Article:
14. Chicago GC
Wheaton, IL – ARCHITECT C.B. Macdonald, 1895/Seth Raynor, 1923 – YEAR BUILT 1895
One of the five founding members of the United States Golf Association in 1894, Chicago Golf was the site of the nation’s first 18-hole course; it also was the first course outside of the Northeast to play host to the U.S. Open. Seth Raynor retooled his mentor C.B.
Macdonald’s course in 1923 and not much has changed since as its slew of exemplary template holes make it just as relevant today as it was in the age of hickory golf. Holes 1 through 3, which include a Road and Biarritz template, represent one of the game’s great starts. (Photo: Andy Johnson/The Fried Egg)
15. Winged Foot (West)
Mamaroneck, NY – ARCHITECT A.W. Tillinghast – YEAR BUILT 1923
Hale Irwin survived the 1974 “Massacre at Winged Foot” U.S. Open to win at seven over par. Geoff Ogilvy didn’t fare much better in 2006, when his five-over total took home the trophy. Mark Brooks, 1996 PGA champion, summed up this Golden Age A.W. Tillinghast design this way: “There are probably six hard holes, six really hard holes and six impossible holes.” Frighteningly contoured, pear-shaped greens, cavernous bunkers and a procession of rugged par-4s define the trouble here.
On a “difficulty” scale of 1 to 10, Jack Nicklaus once rated the West course a 12. That said, Gil Hanse’s recent, stunning expansion of all the green pads has brought back an element of creativity with which few parkland courses can contend, all of which was on display at the 2020 U.S. Open won by Bryson DeChambeau. (Photo: Christian Hafer)
16. Crystal Downs
Frankfort, MI – ARCHITECT Alister MacKenzie/Perry Maxwell – YEAR BUILT 1932
Because of its remote location, Crystal Downs was once overlooked but that changed when Tom Doak introduced the course to Ben Crenshaw in the 1980s. Don’t be fooled by its diminutive length of 6,518 yards from the tips. A combination of strong breezes, thick fescue roughs, undulating terrain and fiendishly contoured greens make this one of the harder courses relative to its tight par of 70 in the Top 100. (Photo: Gary Kellner/Dimpled Rock)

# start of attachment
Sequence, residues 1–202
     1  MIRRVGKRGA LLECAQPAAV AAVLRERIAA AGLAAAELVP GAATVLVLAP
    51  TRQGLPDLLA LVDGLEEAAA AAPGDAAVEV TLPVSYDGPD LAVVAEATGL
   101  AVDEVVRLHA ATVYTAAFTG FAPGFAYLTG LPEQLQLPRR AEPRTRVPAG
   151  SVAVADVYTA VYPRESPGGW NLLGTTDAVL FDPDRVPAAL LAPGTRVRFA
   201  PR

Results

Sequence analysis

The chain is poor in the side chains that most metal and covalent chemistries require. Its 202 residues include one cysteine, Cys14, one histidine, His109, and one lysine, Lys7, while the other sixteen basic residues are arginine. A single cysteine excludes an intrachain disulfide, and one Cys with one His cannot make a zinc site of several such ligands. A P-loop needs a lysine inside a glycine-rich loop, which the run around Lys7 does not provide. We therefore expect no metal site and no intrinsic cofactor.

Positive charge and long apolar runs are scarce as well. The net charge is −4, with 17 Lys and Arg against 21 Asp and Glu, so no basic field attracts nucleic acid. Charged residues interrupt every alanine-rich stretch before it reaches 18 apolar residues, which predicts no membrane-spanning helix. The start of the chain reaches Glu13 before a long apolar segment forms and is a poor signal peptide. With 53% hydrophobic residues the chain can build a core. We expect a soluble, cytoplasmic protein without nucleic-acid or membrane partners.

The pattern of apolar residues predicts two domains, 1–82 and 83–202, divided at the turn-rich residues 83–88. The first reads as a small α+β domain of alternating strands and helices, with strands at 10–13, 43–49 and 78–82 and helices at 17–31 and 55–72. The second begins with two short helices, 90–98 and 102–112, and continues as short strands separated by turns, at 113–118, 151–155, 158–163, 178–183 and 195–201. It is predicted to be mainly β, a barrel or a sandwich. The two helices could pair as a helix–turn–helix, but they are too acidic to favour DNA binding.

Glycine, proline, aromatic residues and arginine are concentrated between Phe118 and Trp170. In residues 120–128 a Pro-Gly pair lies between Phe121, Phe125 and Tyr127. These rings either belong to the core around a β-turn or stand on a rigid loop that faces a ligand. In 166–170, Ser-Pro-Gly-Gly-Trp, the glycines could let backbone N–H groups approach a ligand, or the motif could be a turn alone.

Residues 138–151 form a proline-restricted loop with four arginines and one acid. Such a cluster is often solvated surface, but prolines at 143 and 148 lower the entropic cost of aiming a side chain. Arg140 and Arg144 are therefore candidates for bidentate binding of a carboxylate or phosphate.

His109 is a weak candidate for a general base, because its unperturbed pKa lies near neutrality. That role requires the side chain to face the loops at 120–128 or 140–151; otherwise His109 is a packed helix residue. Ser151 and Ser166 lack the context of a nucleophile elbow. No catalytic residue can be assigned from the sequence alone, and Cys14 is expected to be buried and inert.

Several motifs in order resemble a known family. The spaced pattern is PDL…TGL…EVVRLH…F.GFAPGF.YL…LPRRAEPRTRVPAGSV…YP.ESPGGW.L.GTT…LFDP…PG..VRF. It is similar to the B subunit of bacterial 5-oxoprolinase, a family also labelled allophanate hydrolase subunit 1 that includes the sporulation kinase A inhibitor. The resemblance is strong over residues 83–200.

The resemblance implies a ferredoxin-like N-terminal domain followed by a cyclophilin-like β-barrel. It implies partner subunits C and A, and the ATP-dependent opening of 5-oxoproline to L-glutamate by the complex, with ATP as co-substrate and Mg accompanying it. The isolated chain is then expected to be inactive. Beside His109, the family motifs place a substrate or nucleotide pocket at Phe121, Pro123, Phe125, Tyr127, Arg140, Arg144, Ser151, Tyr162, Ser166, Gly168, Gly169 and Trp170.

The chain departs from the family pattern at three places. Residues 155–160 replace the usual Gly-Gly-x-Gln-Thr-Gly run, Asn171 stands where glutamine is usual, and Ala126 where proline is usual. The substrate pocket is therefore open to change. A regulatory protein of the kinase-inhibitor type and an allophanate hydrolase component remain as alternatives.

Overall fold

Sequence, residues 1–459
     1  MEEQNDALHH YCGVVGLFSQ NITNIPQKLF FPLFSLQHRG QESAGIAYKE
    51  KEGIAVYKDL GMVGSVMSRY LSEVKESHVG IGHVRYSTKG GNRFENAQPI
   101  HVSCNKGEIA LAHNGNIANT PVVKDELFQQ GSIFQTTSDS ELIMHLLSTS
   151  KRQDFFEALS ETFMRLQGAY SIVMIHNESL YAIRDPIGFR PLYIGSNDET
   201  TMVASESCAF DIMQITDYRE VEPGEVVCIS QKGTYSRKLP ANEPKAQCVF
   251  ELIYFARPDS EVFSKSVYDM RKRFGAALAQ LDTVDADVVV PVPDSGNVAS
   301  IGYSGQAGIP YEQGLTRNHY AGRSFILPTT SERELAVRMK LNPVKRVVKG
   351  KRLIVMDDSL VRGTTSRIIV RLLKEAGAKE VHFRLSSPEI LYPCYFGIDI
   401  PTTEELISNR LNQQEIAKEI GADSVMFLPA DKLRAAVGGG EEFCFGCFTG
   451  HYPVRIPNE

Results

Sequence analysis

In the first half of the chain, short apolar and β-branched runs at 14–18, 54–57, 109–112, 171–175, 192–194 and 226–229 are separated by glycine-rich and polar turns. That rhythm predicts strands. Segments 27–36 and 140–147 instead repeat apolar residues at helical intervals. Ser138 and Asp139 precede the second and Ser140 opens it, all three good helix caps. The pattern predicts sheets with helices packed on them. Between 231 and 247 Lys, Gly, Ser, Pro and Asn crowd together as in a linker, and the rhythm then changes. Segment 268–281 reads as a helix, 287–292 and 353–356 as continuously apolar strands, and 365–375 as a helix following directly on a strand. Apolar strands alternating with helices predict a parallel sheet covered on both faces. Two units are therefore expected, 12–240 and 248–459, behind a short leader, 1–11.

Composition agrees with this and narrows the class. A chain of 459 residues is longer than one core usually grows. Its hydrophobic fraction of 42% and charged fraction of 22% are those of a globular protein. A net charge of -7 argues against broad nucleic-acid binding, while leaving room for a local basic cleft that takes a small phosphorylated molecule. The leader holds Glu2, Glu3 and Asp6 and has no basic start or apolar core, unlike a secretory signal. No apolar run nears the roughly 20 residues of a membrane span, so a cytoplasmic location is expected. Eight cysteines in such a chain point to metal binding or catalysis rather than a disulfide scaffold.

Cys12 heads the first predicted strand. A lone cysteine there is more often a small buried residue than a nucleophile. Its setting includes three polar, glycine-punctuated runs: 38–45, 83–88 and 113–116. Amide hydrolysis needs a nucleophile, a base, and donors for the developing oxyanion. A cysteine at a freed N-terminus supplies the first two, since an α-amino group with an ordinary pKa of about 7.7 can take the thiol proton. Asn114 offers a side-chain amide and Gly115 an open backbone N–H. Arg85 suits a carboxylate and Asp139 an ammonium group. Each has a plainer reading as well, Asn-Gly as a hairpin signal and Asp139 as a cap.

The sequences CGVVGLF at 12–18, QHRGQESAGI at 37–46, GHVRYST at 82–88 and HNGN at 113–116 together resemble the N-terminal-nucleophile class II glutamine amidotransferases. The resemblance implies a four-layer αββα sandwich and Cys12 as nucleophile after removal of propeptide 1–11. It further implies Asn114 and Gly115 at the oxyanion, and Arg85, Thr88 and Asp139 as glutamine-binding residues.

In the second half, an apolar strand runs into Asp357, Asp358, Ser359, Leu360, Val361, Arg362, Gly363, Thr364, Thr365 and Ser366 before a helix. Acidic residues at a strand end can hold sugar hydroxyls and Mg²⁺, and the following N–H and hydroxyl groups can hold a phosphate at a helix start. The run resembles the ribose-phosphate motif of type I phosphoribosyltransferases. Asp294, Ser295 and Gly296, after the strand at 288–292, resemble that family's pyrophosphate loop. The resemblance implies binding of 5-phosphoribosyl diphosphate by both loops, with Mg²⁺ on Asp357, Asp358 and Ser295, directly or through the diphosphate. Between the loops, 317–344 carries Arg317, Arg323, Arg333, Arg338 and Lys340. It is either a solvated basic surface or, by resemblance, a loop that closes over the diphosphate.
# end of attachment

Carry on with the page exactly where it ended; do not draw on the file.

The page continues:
Pacific Palisades, CA – ARCHITECT George Thomas Jr./Billy Bell Sr. – YEAR BUILT 1927
The value of a good architect is highlighted here in technicolor. Built in a narrow canyon, there was no reason to hold high hopes for this course. Yet what emerged, courtesy of George Thomas and Billy Bell, is one of the game’s strategic design marvels.
Together, they took bunker configuration and angled greens to new heights in the 1920s. As proof of their magical skills, look no further than Riv’s 311-yard, par-4 10th. Thanks to the inspired positioning of the bunkers and the angled green, options abound on how to card a big number on this tiny hole. Thomas’s famous quote — “Strategy is the soul of the game” — manifests itself at Riv. (Photo: Patrick Koenig)
18. Prairie Dunes
Hutchinson, KS – ARCHITECT Perry Maxwell, 1937/Press Maxwell, 1957 – YEAR BUILT 1937
After weeks of tromping around the yucca-choked sand hills of Hutchinson, architect Perry Maxwell proclaimed, “There are 118 good golf holes here. All I have to do is eliminate 100 of them.” All that’s missing is an ocean at this linksy-looking layout that played host to the 2002 U.S. Women’s Open (Juli Inkster) and 2006 U.S. Senior Open (Allen Doyle). What a delight that the Maxwells got to work with this special site as their soft touch on the land is a must-study for any architect. (Photo: Andy Johnson/The Fried Egg).
19. Pacific Dunes
Bandon, OR – ARCHITECT Tom Doak – YEAR BUILT – 2001
This unconventional Doak delight catapulted him into the spotlight. A slew of par-4s on the first nine gives way to a peculiar 3-3-5-4-3-5 start to the second nine. Only Mike Keiser would have approved of such an unusual sequence and this course helped modern architecture break free from some certain design shackles that had constrained designers over the past five decades. Scattered blow-out bunkers, gigantic natural dunes, smartly contoured greens and Pacific panoramas complete Doak’s first masterpiece. (Photo: Evan Schiller).
Juno Beach, FL – ARCHITECT Donald Ross – YEAR BUILT 1929
What a good thing the club did by hosting a televised event to raise money to fight Covid in May 2020. Few golfers get to experience this posh coastal retreat and they were rewarded with first-time views of what is arguably the finest site on which Donald Ross ever worked. The course plays along and between two main dune lines, and Ross made the most of the opportunity with holes continually tacking in different directions.
The club prides itself on its firm playing surfaces and when the coastal breezes kick in, watch out. Some grouse that the course’s reputation is built on the club’s exclusivity, which is unfair given that standout holes abound, including the 4th, 6th, 13th and one of the great trio of finishing holes in the sport. So impressed was Ben Hogan with Seminole’s virtues that he would play and practice here for 30 straight days each year leading up to the Masters. (Photo: Patrick Koenig)